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Photo: Samuel Corum/Anadolu Agency/Getty Images

President Trump told reporters on Friday he planned to name Chad Wolf the acting secretary of the Department of Homeland Security.

Where it stands, per the Washington Post: "it was unclear whether a formal appointment had occurred" as of Friday evening, "extending confusion about who would step in to fill one of the country's most crucial national security posts."

  • A DHS spokesperson clarified to a pool reporter Friday that Wolf is currently the acting undersecretary for policy, while McAleenan continues to serve as acting secretary.
  • White House spokesman Hogan Gidley said McAleenan will step down after Nov. 11, per the New York Times. He said that once McAleenan leaves, "Wolf will serve as acting capacity in the interim.” McAleenan's tenure officially ended Thursday.
  • If appointed, Wolf would be the fifth person to hold the secretary job at DHS under President Trump.

Background: Wolf is a senior department official and was nominated by Trump in February to serve as undersecretary for the Office of Strategy, Policy, and Plans. He previously worked as chief of staff to DHS Secretary Kirstjen Nielsen.

  • Kevin McAleenan announced he was stepping down in October amid ongoing tensions with the White House.

Between the lines per a senior White House official: It's not expected that Wolf will be nominated for the permanent position.

Go deeper: McAleenan receives award from El Salvador ahead of DHS departure

Go deeper

GOP implosion: Trump threats, payback

Spotted last week on a work van in Evansville, Ind. Photo: Sam Owens/The Evansville Courier & Press via Reuters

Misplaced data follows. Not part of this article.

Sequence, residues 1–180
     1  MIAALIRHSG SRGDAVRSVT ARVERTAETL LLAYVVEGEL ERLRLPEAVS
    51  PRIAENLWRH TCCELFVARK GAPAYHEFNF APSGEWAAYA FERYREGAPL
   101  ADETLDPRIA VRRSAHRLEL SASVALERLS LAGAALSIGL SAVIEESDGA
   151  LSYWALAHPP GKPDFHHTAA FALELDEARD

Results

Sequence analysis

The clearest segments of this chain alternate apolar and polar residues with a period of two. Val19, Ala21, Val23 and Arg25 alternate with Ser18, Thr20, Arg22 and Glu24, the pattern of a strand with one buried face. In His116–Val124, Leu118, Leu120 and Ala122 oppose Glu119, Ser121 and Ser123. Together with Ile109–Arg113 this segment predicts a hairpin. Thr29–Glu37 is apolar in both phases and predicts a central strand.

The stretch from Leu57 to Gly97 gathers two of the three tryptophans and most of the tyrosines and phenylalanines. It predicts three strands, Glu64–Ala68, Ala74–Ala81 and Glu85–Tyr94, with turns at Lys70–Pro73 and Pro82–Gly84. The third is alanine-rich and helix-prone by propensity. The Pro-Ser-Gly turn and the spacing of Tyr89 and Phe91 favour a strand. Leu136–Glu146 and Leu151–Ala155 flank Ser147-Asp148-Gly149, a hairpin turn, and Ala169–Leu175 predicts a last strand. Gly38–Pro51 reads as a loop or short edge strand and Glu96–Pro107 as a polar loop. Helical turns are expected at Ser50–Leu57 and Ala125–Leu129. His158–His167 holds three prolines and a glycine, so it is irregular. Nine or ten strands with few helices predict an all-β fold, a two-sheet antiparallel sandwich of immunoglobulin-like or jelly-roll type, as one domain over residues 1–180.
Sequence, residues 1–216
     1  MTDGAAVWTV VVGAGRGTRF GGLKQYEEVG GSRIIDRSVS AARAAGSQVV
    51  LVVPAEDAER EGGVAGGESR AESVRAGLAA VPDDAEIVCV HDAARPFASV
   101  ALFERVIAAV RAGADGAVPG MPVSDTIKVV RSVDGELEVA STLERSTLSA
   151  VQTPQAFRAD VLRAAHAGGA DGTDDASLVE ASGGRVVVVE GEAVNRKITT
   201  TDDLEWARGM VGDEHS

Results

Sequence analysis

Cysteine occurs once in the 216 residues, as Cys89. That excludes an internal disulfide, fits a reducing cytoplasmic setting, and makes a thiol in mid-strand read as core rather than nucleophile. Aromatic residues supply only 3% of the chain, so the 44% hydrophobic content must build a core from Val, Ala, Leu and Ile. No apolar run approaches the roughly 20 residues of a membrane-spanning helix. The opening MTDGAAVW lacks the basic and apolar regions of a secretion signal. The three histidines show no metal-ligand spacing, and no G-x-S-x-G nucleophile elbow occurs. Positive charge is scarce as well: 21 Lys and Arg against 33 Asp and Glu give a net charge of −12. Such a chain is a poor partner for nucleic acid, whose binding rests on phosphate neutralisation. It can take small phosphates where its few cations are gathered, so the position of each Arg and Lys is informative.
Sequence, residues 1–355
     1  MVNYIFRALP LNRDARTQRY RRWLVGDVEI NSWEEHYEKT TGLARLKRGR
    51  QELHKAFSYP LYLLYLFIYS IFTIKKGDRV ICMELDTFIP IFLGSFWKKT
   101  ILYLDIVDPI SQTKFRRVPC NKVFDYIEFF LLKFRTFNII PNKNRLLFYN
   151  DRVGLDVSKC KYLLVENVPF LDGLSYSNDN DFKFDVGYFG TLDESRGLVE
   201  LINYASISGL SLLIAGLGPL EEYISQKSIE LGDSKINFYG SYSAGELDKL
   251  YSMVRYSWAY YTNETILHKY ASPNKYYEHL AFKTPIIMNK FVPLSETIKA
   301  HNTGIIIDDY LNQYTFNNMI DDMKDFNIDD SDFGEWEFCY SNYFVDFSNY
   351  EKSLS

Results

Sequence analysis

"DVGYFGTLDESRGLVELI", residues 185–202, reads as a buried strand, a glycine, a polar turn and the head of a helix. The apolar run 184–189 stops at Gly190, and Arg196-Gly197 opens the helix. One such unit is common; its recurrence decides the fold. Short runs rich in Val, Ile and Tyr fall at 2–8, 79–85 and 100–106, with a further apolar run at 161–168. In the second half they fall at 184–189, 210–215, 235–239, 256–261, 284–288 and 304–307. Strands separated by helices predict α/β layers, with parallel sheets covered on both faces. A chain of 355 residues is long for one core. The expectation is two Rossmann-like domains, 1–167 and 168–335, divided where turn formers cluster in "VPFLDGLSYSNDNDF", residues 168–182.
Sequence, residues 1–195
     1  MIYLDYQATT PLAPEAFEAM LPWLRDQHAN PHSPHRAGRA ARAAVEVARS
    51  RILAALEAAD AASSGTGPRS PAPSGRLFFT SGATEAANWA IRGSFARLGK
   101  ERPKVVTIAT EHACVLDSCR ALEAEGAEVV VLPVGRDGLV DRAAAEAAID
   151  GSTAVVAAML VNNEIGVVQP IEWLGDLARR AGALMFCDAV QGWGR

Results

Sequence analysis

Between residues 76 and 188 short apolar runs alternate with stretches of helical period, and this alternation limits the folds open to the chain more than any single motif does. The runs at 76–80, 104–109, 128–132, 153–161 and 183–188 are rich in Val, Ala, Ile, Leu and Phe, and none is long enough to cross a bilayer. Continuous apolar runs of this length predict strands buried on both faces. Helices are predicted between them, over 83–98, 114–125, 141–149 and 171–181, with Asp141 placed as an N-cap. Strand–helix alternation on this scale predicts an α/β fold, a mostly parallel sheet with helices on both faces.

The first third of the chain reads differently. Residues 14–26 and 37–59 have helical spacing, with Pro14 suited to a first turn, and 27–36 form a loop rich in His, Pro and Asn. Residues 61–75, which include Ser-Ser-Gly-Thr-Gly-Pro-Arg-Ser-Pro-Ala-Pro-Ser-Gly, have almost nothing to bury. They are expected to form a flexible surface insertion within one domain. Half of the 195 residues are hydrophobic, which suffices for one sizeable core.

The GOP is getting torn apart by a spreading revolt against party leaders for failing to stand up for former President Trump and punish his critics.

Why it matters: Republican leaders suffered a nightmarish two months in Washington. Outside the nation’s capital, it's even worse.

Erica Pandey, author of @Work
2 hours ago - Economy & Business

The limits of Biden's plan to cancel student debt

Data: New York Fed Consumer Credit Panel/Equifax; Chart: Axios Visuals

There’s a growing consensus among Americans who want President Biden to cancel student debt — but addressing the ballooning debt burden is much more complicated than it seems.

Why it matters: Student debt is stopping millions of Americans from buying homes, buying cars and starting families. And the crisis is rapidly getting worse.

Why made-for-TV moments matter during the pandemic

Photo illustration: Sarah Grillo/Axios. Photos: Erin Schaff-Pool, Biden Inaugural Committee via Getty Images

In a world where most Americans are isolated and forced to laugh, cry and mourn without friends or family by their side, viral moments can offer critical opportunities to unite the country or divide it.

Driving the news: President Biden's inauguration was produced to create several made-for-social viral moments, a tactic similar to what the Democratic National Committee and the Biden campaign pulled off during the Democratic National Convention.